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Locoweed Toxicity

Synonyms: Locoism, Loco Weed Disease

“Locoweed” is a group of plants with over 300 species that grow in the U.S. Not all of them are toxic. However, given their dire effect on horses, one should assume that any species of locoweed is toxic until proven otherwise. The most lethal species grow in the American West and Southwest.

These plants grow to about 12″ in height and have flowers that are purple blue, yellow or white. All parts of the poisonous varieties of this plant contain the toxin swainsonine, which interrupts the metabolism of certain sugars in cells. This causes the buildup of these sugars in the cells, causing dysfunction. The cells typically affected are within the brain.

Signs of locoweed poisoning include incoordination, apparent blindness and confusion, weight loss, depression and poor appetite, among many others.

A horse must eat a large quantity of these plants over days to weeks to show signs of poisoning. Once horses show signs of poisoning, the prognosis is poor for return to function. Once affected, horses are also more susceptible to poisoning in the future.

In the Western U.S. “locoism” is most common in the late spring in dry years. These plants have a long taproot and may be the only green plant on pasture.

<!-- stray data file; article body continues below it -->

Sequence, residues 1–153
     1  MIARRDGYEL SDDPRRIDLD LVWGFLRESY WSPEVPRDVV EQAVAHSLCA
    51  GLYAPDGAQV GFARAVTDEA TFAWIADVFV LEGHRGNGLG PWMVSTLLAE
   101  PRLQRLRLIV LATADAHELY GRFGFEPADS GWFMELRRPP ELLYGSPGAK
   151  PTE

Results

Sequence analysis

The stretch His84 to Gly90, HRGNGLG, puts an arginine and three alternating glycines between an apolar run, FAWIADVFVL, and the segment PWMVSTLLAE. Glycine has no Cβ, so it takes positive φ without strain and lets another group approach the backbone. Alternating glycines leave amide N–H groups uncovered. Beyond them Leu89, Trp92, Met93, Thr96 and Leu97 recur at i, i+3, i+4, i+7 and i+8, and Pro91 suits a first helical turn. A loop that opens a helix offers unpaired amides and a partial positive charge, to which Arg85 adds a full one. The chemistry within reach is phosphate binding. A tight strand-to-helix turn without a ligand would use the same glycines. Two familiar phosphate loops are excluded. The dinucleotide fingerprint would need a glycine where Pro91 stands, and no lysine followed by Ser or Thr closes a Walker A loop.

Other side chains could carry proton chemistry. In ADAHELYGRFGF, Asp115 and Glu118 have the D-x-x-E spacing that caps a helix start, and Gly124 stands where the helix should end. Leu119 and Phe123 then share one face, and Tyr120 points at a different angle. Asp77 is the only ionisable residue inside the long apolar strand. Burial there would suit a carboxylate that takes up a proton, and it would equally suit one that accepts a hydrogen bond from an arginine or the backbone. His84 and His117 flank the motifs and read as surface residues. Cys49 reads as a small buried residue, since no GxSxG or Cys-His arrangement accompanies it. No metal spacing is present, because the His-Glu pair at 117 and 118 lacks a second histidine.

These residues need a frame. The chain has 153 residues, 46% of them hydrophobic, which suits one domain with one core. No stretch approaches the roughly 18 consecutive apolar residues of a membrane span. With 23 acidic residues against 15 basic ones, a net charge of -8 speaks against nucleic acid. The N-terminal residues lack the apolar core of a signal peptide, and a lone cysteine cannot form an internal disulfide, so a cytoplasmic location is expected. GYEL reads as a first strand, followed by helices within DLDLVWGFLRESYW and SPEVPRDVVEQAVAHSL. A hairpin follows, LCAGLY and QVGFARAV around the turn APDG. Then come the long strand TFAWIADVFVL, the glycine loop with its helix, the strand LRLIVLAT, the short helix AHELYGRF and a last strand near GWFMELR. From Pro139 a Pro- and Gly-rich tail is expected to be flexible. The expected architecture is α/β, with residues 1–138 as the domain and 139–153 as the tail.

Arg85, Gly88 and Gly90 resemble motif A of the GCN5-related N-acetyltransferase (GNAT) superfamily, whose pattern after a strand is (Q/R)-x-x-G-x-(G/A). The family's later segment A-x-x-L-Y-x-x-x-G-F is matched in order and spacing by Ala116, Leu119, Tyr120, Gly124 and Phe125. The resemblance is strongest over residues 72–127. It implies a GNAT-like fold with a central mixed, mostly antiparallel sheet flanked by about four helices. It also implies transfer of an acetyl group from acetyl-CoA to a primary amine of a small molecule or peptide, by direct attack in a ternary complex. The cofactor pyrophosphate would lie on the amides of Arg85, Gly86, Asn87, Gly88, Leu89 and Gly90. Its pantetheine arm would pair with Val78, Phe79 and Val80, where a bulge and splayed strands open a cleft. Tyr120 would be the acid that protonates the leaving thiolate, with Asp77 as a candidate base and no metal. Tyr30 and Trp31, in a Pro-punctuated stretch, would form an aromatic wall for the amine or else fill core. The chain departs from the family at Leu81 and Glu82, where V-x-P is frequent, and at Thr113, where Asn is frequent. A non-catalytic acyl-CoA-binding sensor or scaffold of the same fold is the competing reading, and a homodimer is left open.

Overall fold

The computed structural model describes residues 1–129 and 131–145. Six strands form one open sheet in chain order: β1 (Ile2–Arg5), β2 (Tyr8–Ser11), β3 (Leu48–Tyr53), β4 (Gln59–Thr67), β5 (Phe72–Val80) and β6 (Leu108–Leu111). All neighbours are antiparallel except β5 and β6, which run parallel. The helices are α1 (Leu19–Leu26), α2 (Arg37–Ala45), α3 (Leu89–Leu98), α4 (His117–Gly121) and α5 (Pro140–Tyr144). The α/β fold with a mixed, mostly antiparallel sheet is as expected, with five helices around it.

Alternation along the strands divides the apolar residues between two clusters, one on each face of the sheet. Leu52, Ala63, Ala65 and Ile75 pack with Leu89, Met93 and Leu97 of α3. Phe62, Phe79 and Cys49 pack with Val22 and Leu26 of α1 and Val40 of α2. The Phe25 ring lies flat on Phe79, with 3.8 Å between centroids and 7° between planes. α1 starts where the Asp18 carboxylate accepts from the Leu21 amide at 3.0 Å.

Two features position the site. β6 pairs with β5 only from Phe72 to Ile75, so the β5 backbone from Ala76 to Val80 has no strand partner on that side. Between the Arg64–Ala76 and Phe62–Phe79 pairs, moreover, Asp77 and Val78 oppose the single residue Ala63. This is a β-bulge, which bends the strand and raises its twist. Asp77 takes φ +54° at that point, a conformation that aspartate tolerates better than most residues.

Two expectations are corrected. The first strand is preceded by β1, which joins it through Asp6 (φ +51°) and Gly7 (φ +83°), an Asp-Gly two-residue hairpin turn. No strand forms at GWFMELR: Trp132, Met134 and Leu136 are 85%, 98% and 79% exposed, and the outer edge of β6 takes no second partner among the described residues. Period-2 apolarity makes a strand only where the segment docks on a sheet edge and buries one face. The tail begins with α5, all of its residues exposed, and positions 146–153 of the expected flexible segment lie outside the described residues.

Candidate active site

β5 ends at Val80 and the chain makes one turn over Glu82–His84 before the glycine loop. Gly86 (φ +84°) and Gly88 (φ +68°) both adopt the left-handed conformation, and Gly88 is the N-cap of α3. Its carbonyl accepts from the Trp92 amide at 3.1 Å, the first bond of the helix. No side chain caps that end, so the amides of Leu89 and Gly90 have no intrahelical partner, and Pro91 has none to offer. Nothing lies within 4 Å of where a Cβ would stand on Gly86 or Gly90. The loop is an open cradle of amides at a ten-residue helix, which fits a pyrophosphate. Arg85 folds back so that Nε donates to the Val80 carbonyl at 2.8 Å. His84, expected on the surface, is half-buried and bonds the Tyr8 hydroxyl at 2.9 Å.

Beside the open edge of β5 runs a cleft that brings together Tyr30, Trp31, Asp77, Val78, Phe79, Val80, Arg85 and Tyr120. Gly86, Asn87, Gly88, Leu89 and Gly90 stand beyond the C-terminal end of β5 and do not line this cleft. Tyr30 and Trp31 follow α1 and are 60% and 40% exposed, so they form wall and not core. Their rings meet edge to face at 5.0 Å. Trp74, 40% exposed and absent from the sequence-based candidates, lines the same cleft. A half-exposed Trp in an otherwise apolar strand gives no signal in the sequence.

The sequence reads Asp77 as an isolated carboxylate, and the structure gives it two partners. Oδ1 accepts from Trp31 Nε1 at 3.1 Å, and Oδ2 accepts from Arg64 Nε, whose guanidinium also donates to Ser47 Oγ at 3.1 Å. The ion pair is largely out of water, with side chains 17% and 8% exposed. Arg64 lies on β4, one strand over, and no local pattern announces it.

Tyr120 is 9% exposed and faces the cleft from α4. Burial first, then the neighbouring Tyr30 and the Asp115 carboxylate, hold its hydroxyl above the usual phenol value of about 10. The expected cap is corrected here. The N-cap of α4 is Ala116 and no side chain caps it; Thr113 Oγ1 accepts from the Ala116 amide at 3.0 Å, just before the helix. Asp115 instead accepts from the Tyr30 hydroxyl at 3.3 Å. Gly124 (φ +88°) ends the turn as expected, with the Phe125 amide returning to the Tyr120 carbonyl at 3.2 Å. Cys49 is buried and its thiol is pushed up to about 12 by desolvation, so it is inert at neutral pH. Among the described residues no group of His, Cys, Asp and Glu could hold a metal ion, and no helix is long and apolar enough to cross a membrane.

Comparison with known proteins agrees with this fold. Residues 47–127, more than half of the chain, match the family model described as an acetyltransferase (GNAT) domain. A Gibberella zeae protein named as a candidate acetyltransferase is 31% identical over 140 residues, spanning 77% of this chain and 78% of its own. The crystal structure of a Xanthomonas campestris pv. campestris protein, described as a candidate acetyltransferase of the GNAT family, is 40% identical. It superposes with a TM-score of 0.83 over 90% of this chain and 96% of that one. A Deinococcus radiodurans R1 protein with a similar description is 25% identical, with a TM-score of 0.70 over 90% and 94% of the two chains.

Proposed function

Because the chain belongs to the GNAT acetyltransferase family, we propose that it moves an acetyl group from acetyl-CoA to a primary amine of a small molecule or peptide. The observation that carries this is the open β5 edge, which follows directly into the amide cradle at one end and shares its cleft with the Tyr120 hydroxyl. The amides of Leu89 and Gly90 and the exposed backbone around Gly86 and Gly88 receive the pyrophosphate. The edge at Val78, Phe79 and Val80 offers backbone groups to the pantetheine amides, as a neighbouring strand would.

Unlike many other toxic plants, some horses develop a taste for locoweed and must be removed from pastures containing this plant.

There is no treatment for toxicity once it takes place, other than removing access to the plants. Usually, severely affected horses never fully recover.

QUESTIONS TO ASK MY VET

  • What is the likelihood that the horse will return to normal function?
  • Can this horse be pastured in the same location in the future?
  • What control methods are available for this weed?
  • How do I prevent intoxication of my other horses?
  • PREVENTION

    Do not allow your horses to graze on these weeds. There is some confusion over which species of locoweed are toxic and which species are not. Consider all of these similar looking plants toxic until an expert differentiates them for you.

    Ensure that pastured horses are not allowed to overgraze, leaving toxic weeds as the only accessible green plants. If horses must be kept on overgrazed pasture, give them adequate to excess palatable hay so they are not tempted to eat toxic weeds.

    Spray or manually remove these weeds from pastures.

    Helpful Outside ResourcesCredible Equine Health Information on the Internet

    Author: Doug Thal DVM Dipl. ABVP

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